A green swath of 400 square miles splits the peninsula in half.

This land has been burned, pillaged, occupied and degraded from the Japanese invasions from 1592 to 1598 to the Japanese occupation from 1910 to 1945.
This land was divided in half at the 38th parallel after World War II.
Backed by the Soviet Union and China the North pushed their way south starting a three year war that subjected the land to widespread devastation destroying cities, forests and families.
Not peace, but an armistice, settled the conflict. The demilitarized zone was created as each side agreed to move their troops back 2,200 yards from the front line, creating a buffer zone 2.5 miles wide. A buffer zone of heavily armed soldiers. A buffer zone that reminds us peace is still not here. A buffer zone keeping loved ones out of reach.

Daeseong-dong and Kijŏng-dong are the only settlements allowed by the armistice committee to remain within the boundaries of the DMZ. Residents of Daeseong-dong are governed and protected by the United Nations Command and are generally required to spend at least 240 nights per year in the village to maintain their residency. In 2008, the village had a population of 218 people. The villagers of Daeseong-dong are direct descendants of people who owned the land before the war. Near the Bridge of No Return, used for prisoner exchanges at the end of the war, is an area where ribbons of peace and prayer can be tied to a barbed-wire fence.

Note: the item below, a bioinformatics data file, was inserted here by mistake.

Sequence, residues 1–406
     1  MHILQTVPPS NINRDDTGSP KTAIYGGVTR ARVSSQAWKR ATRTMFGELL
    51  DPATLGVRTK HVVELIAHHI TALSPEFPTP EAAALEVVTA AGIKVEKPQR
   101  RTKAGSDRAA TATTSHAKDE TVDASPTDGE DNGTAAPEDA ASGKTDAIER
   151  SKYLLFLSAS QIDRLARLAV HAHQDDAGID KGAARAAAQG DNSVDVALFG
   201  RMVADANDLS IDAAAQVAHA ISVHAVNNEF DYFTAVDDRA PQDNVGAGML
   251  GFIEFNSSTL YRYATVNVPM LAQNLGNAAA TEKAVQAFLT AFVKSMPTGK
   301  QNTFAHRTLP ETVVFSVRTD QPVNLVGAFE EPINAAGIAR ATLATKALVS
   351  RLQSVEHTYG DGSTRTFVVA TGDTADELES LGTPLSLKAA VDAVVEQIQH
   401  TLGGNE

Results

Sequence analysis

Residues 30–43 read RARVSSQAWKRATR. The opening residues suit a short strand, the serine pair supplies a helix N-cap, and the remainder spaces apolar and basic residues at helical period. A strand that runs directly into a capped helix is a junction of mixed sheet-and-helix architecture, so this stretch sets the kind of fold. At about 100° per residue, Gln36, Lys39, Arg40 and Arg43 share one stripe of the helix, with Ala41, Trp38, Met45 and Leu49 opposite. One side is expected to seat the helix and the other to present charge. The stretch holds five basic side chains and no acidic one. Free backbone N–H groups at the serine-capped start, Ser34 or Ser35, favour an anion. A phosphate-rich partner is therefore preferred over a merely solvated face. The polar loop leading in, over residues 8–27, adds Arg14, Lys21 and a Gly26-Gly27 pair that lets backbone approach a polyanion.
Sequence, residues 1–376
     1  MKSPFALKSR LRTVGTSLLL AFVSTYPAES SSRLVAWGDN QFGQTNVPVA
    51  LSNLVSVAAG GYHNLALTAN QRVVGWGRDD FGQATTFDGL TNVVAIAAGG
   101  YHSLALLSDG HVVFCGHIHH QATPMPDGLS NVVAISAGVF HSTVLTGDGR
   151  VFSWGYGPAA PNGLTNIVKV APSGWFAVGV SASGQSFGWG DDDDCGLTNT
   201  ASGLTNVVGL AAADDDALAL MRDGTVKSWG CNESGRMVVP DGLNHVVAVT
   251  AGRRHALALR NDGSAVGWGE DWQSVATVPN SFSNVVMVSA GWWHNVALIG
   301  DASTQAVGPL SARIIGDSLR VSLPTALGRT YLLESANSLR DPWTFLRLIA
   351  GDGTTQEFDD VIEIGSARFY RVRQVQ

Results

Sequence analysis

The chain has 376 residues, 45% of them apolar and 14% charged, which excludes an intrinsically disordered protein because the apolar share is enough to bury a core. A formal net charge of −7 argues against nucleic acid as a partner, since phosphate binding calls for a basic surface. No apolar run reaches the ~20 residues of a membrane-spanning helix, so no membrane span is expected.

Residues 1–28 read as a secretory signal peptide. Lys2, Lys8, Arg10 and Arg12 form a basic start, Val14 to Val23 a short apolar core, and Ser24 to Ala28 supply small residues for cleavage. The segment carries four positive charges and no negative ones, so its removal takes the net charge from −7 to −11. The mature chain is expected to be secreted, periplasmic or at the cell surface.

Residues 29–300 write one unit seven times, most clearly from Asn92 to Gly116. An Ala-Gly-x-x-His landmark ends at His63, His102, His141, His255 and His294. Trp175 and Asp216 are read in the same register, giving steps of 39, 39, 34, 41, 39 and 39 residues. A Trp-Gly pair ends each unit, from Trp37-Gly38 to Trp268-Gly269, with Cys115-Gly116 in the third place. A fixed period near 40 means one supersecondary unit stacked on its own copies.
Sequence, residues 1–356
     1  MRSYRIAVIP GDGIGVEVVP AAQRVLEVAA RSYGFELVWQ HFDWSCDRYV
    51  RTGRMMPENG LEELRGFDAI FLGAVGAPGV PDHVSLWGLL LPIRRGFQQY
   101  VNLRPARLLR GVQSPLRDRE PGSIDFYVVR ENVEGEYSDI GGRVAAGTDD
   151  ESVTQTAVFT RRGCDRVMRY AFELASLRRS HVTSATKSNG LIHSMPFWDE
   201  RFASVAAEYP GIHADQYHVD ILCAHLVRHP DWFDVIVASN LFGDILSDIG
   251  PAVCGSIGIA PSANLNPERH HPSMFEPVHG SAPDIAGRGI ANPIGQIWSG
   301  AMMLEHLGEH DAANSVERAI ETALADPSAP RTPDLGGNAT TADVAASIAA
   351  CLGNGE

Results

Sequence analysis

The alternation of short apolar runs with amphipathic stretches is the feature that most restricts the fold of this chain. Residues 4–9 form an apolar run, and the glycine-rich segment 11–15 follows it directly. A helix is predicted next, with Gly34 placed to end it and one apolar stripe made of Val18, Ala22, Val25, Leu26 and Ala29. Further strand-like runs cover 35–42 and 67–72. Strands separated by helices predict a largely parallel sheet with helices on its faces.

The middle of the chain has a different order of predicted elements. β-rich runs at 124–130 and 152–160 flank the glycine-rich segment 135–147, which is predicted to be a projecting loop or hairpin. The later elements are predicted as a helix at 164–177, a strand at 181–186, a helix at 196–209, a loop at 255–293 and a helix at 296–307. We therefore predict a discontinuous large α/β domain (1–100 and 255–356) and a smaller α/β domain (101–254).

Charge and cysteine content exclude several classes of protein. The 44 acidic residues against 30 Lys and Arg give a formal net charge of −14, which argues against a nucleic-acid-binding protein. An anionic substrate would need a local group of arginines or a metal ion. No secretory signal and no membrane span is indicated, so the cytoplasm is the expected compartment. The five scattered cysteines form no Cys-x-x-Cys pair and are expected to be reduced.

“Leaving North Korea is not like leaving any other country. It is more like leaving another universe. I will never truly be free of its gravity, no matter how far I journey.”
― Hyeonseo Lee